Alongside a cognitive challenge of “too much to know,” information overload poses a physical challenge of “too much to store.” Indeed, the possibilities of “big data” today are predicated on technologies that compress data into ever “smaller” sizes. On the one hand, major libraries such as the NYPL, coping with spatial shortage, have increasingly emphasized the provision of digital resources – shifting physical collections off site, and in the process sparking heated debates with researchers. On the other hand, the possibilities of digital compression have given rise to a new imagination of the universal library. In the twenty-first century, the promise of access to all knowledge presumes not a sprawling Borgesian architecture of rooms and shelves, nor the singular point of the Borgesian Aleph, but a physically discontinuous infrastructure of servers distributed worldwide.
This conference seeks to cast light on our contemporary struggles over spatial management of data and information by excavating diverse histories of compression technologies. We seek to understand not only the contexts in which compression and spatial shortage emerge as a conscious criterion of knowledge management, but also the shifting concepts of “source,” “document,” “material,” and “object” implied by differing compression technologies, as well as the relation of changing storage spaces to their broader environment, natural and built. Particular questions of interest include:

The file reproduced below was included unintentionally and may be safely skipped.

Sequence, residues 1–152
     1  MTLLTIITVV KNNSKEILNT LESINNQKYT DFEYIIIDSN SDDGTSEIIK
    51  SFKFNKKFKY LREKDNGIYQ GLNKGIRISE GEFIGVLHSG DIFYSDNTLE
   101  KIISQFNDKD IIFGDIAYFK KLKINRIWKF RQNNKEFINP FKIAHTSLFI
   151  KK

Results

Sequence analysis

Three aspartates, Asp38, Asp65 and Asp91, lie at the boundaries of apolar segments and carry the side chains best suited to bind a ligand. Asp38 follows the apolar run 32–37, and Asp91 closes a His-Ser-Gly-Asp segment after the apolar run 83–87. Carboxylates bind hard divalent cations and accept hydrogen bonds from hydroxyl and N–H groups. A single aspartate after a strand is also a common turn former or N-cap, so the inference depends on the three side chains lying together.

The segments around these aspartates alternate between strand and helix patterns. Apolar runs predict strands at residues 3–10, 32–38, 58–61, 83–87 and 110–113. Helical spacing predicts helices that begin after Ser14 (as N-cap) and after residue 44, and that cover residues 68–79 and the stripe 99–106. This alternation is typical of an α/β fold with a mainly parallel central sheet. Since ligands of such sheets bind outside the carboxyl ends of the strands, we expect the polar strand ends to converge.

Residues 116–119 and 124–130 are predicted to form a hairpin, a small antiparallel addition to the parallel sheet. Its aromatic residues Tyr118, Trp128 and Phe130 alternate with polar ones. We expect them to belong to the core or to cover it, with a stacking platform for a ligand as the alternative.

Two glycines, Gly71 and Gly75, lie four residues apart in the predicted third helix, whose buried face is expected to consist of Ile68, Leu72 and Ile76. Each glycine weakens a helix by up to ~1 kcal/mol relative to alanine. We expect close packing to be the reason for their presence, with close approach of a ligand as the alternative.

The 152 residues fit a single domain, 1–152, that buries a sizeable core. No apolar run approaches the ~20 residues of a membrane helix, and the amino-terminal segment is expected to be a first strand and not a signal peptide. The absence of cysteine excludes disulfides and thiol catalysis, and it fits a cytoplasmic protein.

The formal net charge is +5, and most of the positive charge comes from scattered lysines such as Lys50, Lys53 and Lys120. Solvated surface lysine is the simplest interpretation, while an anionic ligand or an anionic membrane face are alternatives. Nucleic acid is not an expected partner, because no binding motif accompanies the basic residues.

- When and for what grounds has the imperative to compress or “make smaller” been acknowledged as a critical factor for the management of knowledge? That is, what has propelled the consciousness of spatial shortage as a problem?
- What technologies – from miniatures and small-format books to high-density shelving, microfilm, and digitization – have been developed to cope with this spatial problem?
- What is the relation of said compression technologies to the architectural structures that support them, and in turn the relation of these structures to their broader environment (e.g., off-site storage, server farms)?
- How have both these technologies and architectural structures affected access (e.g., cataloguing, search, and retrieval), as well as the broader research experience, including its attendant practices (e.g., the creation of “stacks” and the ability to browse them)?
- What does this history reveal about the changing epistemic norms that govern preservation and loss? That is, what aspects of an object represent an essential knowledge to be preserved via “lossless” compression, and what aspects may be sacrificed as part of “lossy” compression?
Attendance is open to the public, but as seating is limited, RSVPs are requested (or to hhsiung AT post.harvard.edu)